But one thing is indisputable: We have more thanplaces of worship. More people go to church here every week, or to synagogue, or to a mosque or other place of worship than in any other country in the world.
More people believe religion is directly important to their lives than in any other advanced, industrialized country in the world. And it is not an accident. It is something that has always been a part of our life.
I grew up in Arkansas which is, except for West Virginia, probably the state that's most heavily Southern Baptist Protestant in the country.
But we had two synagogues and a Greek Orthodox church in my hometown. Not so long ago in the heart of our agricultural country in Eastern Arkansas one of our universities did a big outreach to students in the Middle East, and before you know it, out there on this flat land where there was no building more than two stories high, there rose a great mosque.
And all the farmers from miles around drove in to see what the mosque was like and try to figure out what was going on there. This is a remarkable country. And I have tried to be faithful to that tradition that we have of the First Amendment. It's something that's very important to me.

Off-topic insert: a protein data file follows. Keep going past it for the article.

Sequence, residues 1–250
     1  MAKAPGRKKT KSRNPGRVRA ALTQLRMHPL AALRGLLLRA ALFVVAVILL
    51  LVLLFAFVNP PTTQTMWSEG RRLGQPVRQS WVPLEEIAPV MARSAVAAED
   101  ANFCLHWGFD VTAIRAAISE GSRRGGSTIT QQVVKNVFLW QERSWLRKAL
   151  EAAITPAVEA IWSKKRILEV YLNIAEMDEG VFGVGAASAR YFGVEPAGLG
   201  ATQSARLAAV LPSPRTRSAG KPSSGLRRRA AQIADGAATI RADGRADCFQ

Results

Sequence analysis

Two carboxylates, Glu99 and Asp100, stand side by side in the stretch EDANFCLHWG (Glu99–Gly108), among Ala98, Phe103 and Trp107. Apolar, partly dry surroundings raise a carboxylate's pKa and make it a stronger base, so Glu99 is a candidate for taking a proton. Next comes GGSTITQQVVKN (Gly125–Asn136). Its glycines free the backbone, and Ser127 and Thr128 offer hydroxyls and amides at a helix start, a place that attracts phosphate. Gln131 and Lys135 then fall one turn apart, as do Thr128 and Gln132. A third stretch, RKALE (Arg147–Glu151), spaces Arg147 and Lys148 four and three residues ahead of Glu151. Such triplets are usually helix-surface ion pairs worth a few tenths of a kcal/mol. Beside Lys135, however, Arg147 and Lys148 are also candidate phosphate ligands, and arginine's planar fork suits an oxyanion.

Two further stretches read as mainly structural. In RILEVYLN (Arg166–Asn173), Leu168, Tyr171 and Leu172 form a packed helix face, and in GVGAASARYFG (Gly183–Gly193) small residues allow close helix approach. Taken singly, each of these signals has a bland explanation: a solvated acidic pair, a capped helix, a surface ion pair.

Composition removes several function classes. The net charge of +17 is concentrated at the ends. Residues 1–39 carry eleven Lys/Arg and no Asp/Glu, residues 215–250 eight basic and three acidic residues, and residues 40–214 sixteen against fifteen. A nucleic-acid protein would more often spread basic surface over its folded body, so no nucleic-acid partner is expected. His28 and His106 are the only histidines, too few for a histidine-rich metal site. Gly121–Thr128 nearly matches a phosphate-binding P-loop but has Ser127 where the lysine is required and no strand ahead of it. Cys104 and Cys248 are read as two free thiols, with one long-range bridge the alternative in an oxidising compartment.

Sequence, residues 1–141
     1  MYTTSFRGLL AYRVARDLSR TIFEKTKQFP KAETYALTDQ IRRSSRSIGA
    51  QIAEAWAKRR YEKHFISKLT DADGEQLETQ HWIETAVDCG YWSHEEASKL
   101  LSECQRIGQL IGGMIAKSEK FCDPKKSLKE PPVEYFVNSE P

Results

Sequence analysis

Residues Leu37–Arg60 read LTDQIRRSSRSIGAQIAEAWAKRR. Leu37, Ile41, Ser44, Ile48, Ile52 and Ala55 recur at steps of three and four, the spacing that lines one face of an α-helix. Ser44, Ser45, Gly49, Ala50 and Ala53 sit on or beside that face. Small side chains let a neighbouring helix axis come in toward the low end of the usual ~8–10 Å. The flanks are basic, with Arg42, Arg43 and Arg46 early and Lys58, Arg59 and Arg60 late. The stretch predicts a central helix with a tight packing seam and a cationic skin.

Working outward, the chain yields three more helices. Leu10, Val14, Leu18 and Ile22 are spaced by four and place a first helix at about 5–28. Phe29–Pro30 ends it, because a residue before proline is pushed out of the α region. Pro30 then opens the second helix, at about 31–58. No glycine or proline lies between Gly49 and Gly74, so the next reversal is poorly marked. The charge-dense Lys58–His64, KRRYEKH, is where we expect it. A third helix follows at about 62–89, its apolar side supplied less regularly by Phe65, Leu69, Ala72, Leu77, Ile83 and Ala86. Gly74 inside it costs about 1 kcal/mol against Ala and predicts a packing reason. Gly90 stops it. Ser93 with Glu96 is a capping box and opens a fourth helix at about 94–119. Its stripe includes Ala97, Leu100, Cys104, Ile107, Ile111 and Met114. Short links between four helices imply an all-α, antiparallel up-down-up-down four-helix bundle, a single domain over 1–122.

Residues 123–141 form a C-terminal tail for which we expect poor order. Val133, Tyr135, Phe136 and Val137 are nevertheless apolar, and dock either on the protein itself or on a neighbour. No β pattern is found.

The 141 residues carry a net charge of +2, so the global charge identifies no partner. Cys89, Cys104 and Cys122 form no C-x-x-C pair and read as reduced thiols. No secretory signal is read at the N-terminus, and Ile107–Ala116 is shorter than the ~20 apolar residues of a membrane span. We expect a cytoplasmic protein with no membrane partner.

All the Catholics were required to teach theology, and those of us who weren't Catholic took a course in world's religion, which we called Buddhism for Baptists.
And I began a sort of love affair with the religions that I did not know anything about before that time. It's a personal thing to me because of my own religious faith and the faith of my family. And I've always felt that in order for me to be free to practice my faith in this country, I had to let other people be as free as possible to practice theirs, and that the government had an extraordinary obligation to bend over backwards not to do anything to impose any set of views on any group of people or to allow others to do it under the cover of law.
That's why I was very proud -- one of the proudest things I've been able to do as President was to sign into law the Religious Freedom Restoration Act in And it was designed to reverse the decision of the Supreme Court that essentially made it pretty easy for government, in the pursuit of its legitimate objectives, to restrict the exercise of people's religious liberties.Get More Information about Interesting Speech Topics or Ideas by visiting this link.
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The war in Iraq – was it justified? Dear friends and family gathered here today.. This day today is a hard one for us all. It is so much easier to mourn in silence; it takes away the worry of not being able to get your words out, or even just simply getting the right words out.
May 02, · Some good topics for writing a death penalty essay focus on the pros and cons of capital punishment.
Like abortion, there are few topics that have such powerful arguments in support and against as the death penalty. In the s and 90s, opposition to the death penalty was “political poison in most elections”, said Robert Dunham, executive director of the Death Penalty .